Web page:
Washington Crosses Delaware — With Better Weather
George Washington crossed the Delaware River on Dec. 25 — with considerably better weather than the first time.
Re-enactors crossed the Delaware in the 62nd re-enactment of Washington’s daring 1776 crossing of the river — the trek that turned the tide of the Revolutionary War — between Pennsylvania and New Jersey on Thursday afternoon.
As opposed to the snow and freezing temperatures that Washington and his troops faced in 1776, the re-enactors were greeted with sunny skies and 50-degree temperatures.
Hundreds of people lined both sides of the river to watch as re-enactors used four replica Durham boats like the ones Washington’s troops used. The actor playing Washington boarded the final boat, and a cannon blasted as he reached the other side.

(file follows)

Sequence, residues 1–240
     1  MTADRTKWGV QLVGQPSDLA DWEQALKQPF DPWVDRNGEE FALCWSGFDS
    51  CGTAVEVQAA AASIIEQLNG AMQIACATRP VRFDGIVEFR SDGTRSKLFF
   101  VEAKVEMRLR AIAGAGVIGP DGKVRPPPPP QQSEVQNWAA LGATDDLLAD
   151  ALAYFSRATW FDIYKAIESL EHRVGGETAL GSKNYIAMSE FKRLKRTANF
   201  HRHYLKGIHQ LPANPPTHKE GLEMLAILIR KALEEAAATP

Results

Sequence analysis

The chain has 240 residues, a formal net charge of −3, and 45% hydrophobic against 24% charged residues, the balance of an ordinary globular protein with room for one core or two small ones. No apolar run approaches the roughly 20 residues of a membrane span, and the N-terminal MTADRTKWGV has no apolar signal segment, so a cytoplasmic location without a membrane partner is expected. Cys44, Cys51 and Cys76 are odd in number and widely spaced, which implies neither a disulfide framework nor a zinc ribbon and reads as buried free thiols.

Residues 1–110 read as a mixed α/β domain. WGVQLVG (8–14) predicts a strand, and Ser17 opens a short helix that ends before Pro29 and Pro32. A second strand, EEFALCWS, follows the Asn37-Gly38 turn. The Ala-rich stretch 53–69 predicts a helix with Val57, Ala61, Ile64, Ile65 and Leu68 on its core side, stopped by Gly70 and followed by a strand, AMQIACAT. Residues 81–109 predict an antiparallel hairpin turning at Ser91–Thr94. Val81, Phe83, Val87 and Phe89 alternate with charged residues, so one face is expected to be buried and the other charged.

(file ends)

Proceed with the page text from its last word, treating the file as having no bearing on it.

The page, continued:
During the original crossing, boats ferried 2,400 soldiers, 200 horses and 18 cannons across the river. Washington’s troops marched 8 miles downriver before battling Hessian mercenaries in the streets of Trenton.
Thirty Hessians were killed, and two Continental soldiers froze to death on the march, but none died in battle.